Love Git Branches But Hate Reading Them?
If you’re using git branching, it can be difficult sometimes to orient yourself within your git repository (repo).
Knowing where you are, where you want to go, and how to get there is next to impossible if you don’t know how to read your commit history (branches)
So I’m going to show you how to read your commit history in this post.
Here’s your first insight: Commits always point BACK to their parent commit(s), never forward to their child commit(s):
If you make some changes and commit again, the next commit stores a pointer to the commit that came immediately before it.
3.1 Git Branching – Branches in a Nutshell, Figure 10.
This subtle distinction may not seem like a big deal now, but soon this will make all the difference.
Here is the output of the branch master from my local repo:
git log --oneline --graph --decorate
Given that commits always point back, we can trace our branch from Branch Pointer master (78f107a) all the way back down to our initial commit (7bc8a7a):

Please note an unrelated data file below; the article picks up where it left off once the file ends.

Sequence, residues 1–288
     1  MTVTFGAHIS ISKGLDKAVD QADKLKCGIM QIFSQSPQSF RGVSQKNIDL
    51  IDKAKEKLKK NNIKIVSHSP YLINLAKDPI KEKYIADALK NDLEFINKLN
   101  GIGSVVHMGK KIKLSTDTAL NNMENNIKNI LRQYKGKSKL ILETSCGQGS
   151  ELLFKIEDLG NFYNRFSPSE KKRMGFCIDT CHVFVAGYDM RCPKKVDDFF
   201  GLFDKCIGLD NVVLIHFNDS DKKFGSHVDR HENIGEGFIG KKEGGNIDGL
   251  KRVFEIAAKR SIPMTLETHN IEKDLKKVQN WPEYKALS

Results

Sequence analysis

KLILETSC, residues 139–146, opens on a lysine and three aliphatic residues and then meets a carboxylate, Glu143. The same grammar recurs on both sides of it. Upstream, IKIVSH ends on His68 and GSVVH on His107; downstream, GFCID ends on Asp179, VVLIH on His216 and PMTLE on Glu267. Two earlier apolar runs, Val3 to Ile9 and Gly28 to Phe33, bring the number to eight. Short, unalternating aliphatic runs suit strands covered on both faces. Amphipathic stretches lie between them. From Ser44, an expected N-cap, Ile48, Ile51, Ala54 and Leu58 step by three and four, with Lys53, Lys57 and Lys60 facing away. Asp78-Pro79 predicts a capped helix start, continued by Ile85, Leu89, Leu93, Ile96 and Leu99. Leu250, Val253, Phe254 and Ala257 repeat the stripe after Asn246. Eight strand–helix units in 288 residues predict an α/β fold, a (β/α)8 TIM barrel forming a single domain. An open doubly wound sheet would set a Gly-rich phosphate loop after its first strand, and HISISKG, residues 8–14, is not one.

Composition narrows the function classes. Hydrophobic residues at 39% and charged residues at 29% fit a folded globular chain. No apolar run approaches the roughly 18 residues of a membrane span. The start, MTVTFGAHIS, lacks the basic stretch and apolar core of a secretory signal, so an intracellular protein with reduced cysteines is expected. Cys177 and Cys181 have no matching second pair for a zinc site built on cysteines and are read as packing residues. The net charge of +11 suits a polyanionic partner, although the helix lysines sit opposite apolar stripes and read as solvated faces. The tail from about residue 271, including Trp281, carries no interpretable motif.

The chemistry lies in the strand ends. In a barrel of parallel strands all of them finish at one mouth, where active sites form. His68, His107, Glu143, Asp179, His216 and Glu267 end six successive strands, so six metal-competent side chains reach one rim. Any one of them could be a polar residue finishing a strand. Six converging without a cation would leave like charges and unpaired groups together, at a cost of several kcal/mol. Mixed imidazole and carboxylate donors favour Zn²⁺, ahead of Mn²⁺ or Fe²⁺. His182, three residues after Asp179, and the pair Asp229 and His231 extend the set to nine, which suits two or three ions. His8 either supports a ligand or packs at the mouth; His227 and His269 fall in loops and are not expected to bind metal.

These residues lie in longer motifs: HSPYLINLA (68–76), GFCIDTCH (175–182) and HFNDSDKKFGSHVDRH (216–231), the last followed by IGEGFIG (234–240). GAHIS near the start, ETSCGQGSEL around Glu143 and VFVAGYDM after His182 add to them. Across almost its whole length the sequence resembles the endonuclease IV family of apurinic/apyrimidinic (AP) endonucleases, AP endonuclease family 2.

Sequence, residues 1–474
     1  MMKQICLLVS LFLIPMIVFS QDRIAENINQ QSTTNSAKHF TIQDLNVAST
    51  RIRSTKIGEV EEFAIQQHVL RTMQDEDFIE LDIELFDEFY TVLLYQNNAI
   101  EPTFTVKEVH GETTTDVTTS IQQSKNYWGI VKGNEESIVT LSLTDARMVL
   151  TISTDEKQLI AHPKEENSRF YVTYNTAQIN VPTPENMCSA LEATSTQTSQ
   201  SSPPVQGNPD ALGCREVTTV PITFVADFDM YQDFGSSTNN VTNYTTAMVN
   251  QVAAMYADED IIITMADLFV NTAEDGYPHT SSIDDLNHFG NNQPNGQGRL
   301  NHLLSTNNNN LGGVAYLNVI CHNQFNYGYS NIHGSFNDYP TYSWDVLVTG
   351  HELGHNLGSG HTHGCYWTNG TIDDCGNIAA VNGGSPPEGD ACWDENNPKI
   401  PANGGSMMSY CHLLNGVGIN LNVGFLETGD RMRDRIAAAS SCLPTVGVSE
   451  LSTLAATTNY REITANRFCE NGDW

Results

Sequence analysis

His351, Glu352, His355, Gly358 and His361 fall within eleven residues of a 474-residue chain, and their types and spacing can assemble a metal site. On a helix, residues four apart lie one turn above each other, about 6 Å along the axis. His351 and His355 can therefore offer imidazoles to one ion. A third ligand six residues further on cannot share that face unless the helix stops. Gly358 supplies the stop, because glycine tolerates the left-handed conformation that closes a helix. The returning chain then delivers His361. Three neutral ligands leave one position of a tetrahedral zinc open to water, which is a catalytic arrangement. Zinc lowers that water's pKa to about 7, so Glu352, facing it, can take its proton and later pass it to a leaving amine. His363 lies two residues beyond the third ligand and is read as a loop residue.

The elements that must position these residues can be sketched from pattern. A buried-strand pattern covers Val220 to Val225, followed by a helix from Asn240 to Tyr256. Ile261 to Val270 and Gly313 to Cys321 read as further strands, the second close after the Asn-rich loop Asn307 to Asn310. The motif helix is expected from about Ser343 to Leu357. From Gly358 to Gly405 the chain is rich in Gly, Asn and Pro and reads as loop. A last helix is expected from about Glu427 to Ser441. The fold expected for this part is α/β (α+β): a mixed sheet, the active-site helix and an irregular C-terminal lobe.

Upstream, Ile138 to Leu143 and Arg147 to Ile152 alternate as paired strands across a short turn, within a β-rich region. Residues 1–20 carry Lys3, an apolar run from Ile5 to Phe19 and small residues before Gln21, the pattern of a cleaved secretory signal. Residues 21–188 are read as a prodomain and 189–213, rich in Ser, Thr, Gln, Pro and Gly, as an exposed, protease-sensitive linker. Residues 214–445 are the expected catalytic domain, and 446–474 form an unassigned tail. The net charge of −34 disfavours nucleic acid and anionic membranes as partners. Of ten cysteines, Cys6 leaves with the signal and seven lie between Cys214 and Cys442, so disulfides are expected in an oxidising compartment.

The totality of the entire trail from the most recent commit master (78f107a) all the way back down to our initial commit (7bc8a7a) is one branch.
Reading Multiple Branches
Here is where knowing commits point back, not forward, is REALLY going to help us out
First we expose ALL branches from my git repo:
git log --oneline --graph --decorate --all
In this output we now can see all branches laid out at once.
Reading the dev Branch
Here are a couple of things to remember when reading the commit history from command ‘git log’:
- The previous commit(s) is denoted by following back to the previous asterisk(s), not necessarily the commit beneath it.
- The vertical and diagonal bars actually do a great job of guiding us to the previous commit(s).
7bc8a7a <= a6b939a <= 8e005a4 <= 0461fc6 <= 5e3384e (dev)
We can confirm this by checking out the dev branch and listing the commit history
Reading the test Branch
Just repeat the same process for branch test and you will get the following:
Confirming the test branch:
7bc8a7a <= a6b939a <= 8e005a4 <= e5a2bcc <= 3d6f3bb (test)
Now that you know how to read your commit history (branches) you should be able to orient yourself and navigate within your git repo.
Hopefully this will empower you to leverage git branches more when you need to experiment with different version and features of your code.
Branches will allow you to test your experimental code without losing the production code.